Brady's Studio at 785 Broadway, New York City
This image shows a street-level view of the New York branch of the photography company most readily associated with the American Civil War, Mathew Brady's Studio. Having established his studio as the place politicians, entertainers, artists, and other prominent Americans must patronize to have their portraits taken—and then prominently displayed in his ground-floor Broadway gallery—once the war began Brady employed a corps of photographers to cover the conflict. Brady's published series of war images in the form of album cards, mounted prints, and stereographs sold as Brady's Photographic Views of the War, Brady's Album Catalogue, and Incidents of the War were popular items in many northern parlors. And, as the war continued and the carnage mounted, Brady's photographs of the aftermath of the Battles of Antietam and Gettysburg (actually taken by photographers such as Alexander Gardner and Timothy O'Sullivan) for the first time revealed to the northern public the magnitude and brutality of the fighting.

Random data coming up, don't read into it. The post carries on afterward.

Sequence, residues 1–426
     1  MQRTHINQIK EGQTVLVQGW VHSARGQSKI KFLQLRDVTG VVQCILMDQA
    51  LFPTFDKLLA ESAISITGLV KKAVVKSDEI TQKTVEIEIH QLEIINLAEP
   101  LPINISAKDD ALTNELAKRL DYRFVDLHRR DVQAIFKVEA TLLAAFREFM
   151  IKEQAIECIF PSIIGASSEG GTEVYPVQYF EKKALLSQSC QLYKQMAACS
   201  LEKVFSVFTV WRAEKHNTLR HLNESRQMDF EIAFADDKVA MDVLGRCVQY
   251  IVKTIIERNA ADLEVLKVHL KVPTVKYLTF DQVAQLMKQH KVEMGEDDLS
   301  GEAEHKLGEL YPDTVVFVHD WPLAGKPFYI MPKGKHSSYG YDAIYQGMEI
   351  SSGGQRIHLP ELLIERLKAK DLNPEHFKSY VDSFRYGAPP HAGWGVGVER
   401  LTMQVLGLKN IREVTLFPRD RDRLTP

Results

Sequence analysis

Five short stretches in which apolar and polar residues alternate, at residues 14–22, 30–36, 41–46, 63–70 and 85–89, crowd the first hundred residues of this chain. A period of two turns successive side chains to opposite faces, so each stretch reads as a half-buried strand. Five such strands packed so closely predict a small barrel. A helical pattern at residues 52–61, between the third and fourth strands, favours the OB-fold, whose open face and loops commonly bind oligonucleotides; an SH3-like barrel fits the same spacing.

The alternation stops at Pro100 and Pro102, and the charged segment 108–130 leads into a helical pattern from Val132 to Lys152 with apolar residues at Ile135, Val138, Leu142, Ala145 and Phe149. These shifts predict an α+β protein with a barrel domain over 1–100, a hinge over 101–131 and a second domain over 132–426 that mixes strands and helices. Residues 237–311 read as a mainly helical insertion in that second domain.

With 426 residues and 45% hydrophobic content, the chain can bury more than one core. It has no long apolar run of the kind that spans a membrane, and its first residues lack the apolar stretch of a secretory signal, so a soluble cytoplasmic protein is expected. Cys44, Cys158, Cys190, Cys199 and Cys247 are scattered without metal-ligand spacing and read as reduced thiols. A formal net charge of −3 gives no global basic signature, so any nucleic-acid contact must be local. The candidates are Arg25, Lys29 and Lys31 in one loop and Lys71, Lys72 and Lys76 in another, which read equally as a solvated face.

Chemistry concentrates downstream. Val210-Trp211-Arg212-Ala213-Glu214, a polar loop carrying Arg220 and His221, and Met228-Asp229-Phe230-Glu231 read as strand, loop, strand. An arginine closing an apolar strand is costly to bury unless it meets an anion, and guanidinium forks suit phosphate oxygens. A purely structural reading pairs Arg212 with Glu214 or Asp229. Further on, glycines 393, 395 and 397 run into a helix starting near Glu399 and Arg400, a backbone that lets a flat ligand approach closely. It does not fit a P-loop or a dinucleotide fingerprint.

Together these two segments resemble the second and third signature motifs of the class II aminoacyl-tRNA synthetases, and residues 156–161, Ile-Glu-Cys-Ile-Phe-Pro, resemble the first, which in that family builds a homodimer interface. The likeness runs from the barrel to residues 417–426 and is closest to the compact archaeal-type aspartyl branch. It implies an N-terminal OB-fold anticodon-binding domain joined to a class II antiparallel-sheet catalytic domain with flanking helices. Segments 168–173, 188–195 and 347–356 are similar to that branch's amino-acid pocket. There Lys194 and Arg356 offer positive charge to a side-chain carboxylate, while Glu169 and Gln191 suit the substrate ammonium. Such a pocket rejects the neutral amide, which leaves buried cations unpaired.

Source: Courtesy Keith de Lellis Gallery, New York